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Prana Biotechnology Limited Message Board

goutah3006 35 posts  |  Last Activity: May 26, 2015 12:12 PM Member since: Nov 29, 2004
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  • Reply to

    Review of EMA Comp Decisions

    by interestingtome1 May 26, 2015 9:33 AM
    goutah3006 goutah3006 May 26, 2015 12:12 PM Flag

    Even if Prana receives orphan designation, they'll still have to do further clinical testing, which will cost money.

    Sentiment: Hold

  • Reply to

    milking it

    by copper725 May 22, 2015 2:32 PM
    goutah3006 goutah3006 May 24, 2015 11:51 AM Flag

    I've been a Prana shareholder since July 2006. How long has interestingtome1 been a Prana shareholder? And, more importantly, why does he refuse to entertain even the mildest skeptical thoughts about Prana? An intelligent speculator should always be eager to make himself aware of a company's potential problems, especially if he owns shares of that company. Seeing everything through rose-colored glasses 100% of the time is a great way to lose money.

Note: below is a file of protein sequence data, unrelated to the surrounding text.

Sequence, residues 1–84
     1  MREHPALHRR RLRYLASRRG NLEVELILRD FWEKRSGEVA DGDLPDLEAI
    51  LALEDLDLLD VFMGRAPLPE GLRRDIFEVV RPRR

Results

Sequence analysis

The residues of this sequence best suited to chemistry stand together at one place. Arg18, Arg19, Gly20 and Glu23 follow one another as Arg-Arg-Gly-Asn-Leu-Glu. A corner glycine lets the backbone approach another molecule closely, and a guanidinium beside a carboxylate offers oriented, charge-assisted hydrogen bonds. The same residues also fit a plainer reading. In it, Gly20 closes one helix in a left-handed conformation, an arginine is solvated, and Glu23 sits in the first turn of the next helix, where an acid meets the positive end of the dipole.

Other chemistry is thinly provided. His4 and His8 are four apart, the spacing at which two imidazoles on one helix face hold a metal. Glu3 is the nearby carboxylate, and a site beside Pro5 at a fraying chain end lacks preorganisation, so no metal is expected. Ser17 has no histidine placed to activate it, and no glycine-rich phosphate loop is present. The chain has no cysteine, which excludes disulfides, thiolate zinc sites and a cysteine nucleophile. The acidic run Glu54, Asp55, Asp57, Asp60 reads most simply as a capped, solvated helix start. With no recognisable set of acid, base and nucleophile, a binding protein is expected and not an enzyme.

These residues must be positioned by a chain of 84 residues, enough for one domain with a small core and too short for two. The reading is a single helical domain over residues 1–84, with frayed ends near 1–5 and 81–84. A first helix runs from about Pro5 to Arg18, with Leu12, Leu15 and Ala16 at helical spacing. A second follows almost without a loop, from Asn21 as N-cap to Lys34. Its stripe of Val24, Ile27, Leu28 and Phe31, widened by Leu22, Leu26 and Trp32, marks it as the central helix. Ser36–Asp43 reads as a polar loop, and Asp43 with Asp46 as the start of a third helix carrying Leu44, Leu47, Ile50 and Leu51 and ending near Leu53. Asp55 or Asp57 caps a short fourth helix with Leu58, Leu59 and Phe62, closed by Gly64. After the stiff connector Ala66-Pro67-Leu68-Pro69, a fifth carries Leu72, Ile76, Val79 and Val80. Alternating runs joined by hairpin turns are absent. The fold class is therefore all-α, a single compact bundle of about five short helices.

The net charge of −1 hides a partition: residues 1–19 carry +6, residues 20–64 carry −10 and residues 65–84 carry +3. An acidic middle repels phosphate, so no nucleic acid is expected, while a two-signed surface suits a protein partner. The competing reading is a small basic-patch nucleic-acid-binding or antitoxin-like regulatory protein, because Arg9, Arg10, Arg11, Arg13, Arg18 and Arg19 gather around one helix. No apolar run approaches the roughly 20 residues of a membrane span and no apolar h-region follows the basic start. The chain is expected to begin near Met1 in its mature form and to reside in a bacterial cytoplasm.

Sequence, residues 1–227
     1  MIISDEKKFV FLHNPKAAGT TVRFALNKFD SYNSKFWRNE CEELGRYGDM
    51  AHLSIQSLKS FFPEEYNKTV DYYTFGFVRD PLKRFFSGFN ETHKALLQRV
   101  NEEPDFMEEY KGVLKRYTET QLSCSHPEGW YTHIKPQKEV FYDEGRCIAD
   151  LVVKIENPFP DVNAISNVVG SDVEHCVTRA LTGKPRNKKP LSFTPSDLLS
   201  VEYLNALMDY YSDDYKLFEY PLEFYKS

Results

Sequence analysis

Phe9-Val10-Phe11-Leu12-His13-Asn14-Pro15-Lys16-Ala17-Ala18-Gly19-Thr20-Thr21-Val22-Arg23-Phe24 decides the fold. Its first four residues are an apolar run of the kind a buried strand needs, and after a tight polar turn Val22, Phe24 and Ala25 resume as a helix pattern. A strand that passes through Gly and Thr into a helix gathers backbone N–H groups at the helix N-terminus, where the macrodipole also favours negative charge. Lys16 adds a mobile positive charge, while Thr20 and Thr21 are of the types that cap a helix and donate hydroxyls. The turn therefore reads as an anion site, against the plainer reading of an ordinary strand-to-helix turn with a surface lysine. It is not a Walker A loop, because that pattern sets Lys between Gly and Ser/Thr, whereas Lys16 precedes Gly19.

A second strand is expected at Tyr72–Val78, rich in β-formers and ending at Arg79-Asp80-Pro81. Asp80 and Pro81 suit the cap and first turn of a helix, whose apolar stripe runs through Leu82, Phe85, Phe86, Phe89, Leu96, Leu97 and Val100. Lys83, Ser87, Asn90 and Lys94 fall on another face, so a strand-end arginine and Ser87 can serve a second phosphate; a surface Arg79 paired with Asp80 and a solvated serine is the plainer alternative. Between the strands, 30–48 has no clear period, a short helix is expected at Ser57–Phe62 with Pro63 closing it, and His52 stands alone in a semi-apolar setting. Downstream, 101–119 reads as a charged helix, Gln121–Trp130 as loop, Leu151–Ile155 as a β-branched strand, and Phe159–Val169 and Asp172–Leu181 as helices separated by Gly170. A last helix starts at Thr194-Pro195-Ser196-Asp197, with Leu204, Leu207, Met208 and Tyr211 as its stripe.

Sentiment: Hold

  • Reply to

    No real news - Last month's EMA meeting minutes

    by copper725 May 21, 2015 10:00 AM
    goutah3006 goutah3006 May 21, 2015 11:17 AM Flag

    Yup. Not much in the way of actual news. Just a rehash of last month's press release, with a few additional details. The EMA is recommending PBT2 for orphan designation. Even if orphan designation is granted, Prana will still have to apply for permission to market the drug in Europe, which will likely require an additional clinical trial.